The 10 most dangerous cyber threat actors

These are the most notorious global cybercriminal and state-sponsored groups according to security researchers.

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Fancy Bear is best known for breaking into the Democratic National Committee and Hillary Clinton's campaign in 2016, allegedly influencing the outcome of the presidential elections. It is believed that Fancy Bear was behind the Guccifer 2.0 persona. Another Russian-speaking Group, the Cozy Bear, was also inside the Democratic Party's computer networks, independently stealing passwords, according to CrowdStrike. Yet, apparently, the two bears were not aware of each other.

Fancy Bear targets its victims mostly through spear-phishing messages typically sent on Mondays and Fridays. On several occasions, it registered domains that looked similar to legitimate ones, building up fake websites to harvest credentials.

LuckyMouse (a.k.a. Emissary Panda, Iron Tiger, APT27)

This Chinese-speaking actor has been active for more than a decade, targeting foreign embassies and organizations across different industries including aerospace, defense, technology, energy, healthcare, education, and government. It has conducted operations in North and South America, Europe, Asia, and the Middle East.

The group has high skills in penetration testing, usually using publicly available tools such as the Metasploit framework, Kaspersky’s Jungheit says. "In addition to spear-phishing as a delivery method, the actor also uses SWC (strategic web compromise) in their operations to target a set of victims with notable success," he adds.

Researchers at Trend Micro noticed that the group can update and modify its tools quickly, making it difficult for researchers to detect them.

REvil (a.k.a. Sodinokibi, Pinchy Spider—related to GandCrab)

The REvil gang, which takes its name from the Resident Evil movie and video game series, runs some of the most prolific ransomware-as-a-service (RaaS) operations and is based in the Russian-speaking world. The group was first seen in April 2019, soon after the shutdown of the notorious GandCrab, and its business seems to be blooming since. Among its victims are Acer, Honda, Travelex, and the makers of Jack Daniels whiskey, Brown-Forman.

"REvil operators have demanded the highest ransoms of 2021," says Jungheit. "For distributing ransomware, REvil cooperates with affiliates who are hired on cybercriminal forums. Affiliates earn between 60% to 75% of the ransom."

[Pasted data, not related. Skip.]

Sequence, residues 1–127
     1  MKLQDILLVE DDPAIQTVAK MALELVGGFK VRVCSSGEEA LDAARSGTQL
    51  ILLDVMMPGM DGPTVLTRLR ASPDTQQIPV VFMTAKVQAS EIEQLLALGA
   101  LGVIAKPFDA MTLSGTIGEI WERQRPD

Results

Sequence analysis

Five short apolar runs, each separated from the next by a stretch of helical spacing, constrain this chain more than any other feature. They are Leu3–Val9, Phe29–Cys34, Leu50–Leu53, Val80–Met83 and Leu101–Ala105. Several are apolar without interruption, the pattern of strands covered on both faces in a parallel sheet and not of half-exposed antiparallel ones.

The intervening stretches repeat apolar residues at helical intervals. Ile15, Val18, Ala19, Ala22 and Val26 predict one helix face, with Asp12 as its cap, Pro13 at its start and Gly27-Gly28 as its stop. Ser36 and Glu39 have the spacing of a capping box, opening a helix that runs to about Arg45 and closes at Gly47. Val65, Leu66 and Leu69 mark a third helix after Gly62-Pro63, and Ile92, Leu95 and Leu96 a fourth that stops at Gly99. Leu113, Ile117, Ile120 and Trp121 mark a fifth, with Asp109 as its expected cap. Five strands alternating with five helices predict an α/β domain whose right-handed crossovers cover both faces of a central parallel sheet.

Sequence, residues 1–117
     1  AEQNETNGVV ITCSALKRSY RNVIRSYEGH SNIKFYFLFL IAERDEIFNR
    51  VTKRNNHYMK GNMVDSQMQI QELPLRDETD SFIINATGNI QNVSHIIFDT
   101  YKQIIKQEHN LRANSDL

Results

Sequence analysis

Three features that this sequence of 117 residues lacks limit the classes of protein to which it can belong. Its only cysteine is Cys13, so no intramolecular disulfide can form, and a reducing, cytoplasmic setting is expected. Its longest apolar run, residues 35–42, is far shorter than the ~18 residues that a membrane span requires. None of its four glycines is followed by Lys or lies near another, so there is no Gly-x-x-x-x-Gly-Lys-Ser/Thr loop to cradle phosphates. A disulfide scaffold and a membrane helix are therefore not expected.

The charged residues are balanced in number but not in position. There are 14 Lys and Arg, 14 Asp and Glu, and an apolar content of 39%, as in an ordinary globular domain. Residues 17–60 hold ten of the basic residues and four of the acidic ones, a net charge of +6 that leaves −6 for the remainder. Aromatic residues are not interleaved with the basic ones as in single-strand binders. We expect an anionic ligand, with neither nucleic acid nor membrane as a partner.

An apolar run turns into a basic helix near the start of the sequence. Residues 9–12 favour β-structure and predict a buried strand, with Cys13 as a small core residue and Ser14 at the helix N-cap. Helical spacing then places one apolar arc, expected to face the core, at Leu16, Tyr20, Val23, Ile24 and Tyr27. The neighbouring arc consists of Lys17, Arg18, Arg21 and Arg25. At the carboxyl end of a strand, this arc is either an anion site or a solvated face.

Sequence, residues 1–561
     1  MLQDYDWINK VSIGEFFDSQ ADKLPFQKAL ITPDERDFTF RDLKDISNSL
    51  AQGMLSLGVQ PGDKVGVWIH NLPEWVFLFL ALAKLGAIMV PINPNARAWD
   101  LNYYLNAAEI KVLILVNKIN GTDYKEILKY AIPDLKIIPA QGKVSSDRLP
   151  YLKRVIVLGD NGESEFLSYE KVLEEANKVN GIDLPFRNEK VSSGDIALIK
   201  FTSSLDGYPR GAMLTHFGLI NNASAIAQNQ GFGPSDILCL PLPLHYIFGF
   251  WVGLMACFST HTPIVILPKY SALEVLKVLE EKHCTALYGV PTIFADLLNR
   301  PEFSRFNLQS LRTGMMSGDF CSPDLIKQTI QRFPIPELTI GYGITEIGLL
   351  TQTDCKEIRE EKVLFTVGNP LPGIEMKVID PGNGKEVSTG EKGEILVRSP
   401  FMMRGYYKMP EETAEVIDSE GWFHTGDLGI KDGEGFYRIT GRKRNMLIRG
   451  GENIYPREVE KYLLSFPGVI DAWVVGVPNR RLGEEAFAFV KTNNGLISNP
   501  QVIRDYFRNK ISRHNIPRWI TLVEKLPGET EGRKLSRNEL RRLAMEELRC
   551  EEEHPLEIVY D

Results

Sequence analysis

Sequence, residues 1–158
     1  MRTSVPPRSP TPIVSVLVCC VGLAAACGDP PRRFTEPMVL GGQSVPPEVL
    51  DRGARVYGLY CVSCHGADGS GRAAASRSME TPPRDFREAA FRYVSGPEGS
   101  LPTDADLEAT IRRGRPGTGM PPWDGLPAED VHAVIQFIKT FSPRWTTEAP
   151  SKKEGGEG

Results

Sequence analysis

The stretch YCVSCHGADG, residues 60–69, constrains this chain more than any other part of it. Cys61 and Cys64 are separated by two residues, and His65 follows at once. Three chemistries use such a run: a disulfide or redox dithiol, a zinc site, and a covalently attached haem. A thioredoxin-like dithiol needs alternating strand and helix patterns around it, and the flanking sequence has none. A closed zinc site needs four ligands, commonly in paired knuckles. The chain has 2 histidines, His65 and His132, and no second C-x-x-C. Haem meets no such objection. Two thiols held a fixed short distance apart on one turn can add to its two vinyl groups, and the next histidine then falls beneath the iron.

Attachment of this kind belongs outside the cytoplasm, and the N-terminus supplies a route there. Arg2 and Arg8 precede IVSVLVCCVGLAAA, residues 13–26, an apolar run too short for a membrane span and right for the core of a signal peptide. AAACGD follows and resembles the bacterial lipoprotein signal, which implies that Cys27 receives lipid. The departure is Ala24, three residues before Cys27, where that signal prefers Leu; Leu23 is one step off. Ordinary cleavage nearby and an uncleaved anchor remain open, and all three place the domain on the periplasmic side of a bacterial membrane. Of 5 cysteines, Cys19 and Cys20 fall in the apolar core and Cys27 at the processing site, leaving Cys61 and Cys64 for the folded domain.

Developers regularly update the REvil ransomware to avoid detection of ongoing attacks. "The group informs about all major updates and new available positions in the partner program in their threads on cybercriminal forums," Jungheit says.

REvil differs from other groups because of how business-focused its developers are, Kujawa of Malwarebytes Labs says. "One of the members of this group gave an interview last year, describing that they have brought in $100 million in ransom payments and threats to release data, and they plan on expanding their extortion capabilities in the future by using DDoS attacks," he says.

Wizard Spider

The Russian-speaking Wizard Spider group was first spotted in 2016, but it has become increasingly sophisticated in recent years, building several tools used for cybercrime. At first, Wizard Spider was known for its commodity banking malware TrickBot, but it later expanded its toolset to include Ryuk, Conti, and BazarLoader. The gang continuously fine-tunes its arsenal to make it more lucrative.

"Wizard Spider's corpus of malware is not openly advertised on criminal forums indicating that they likely only sell access to, or work alongside, trusted criminal groups," says Meyers of CrowdStrike Intelligence. The group has run different types of operations, including some very specific ones, having a propensity for the very targeted, high-return ransomware campaigns known as "big game hunting."

Wizard Spider calculates the ransom it requests based on the value of its targets, and no industry seems off-limits. During the COVID-19 crisis, it attacked dozens of healthcare organizations in the US with Ryuk and Conti. Hospitals from different parts of the world have also been affected.

BONUS: Winnti (a.k.a. Barium, Double Dragon, Wicked Panda, APT41, Lead, Bronze Atlas)

Winnti is probably a set of linked Chinese-based subgroups that have performed both cybercriminal activities and state-sponsored attacks. Its cyberespionage campaigns have targeted healthcare and technology companies, often stealing intellectual property. Meanwhile, its financially motivated cybercrime arm attacked the video game industry, manipulated virtual currency, and attempted to deploy ransomware.

"The difficulty in defining this group mostly stems from overlaps we see between campaigns attributed to Winnti and other Chinese-speaking APT groups, for example, a set of tools and malware shared between multiple Chinese-speaking actors," Jungheit says.

Winnti has been observed using dozens of different code families and tools, and it often relies on spear-phishing emails to penetrate an organization. "In a campaign running almost a year, APT41 compromised hundreds of systems and used close to 150 unique pieces of malware including backdoors, credential stealers, keyloggers, and rootkits," according to Mandiant Threat Intelligence. "APT41 has also deployed rootkits and Master Boot Record (MBR) bootkits on a limited basis to hide their malware and maintain persistence on select victim systems."

Copyright © 2021 IDG Communications, Inc.

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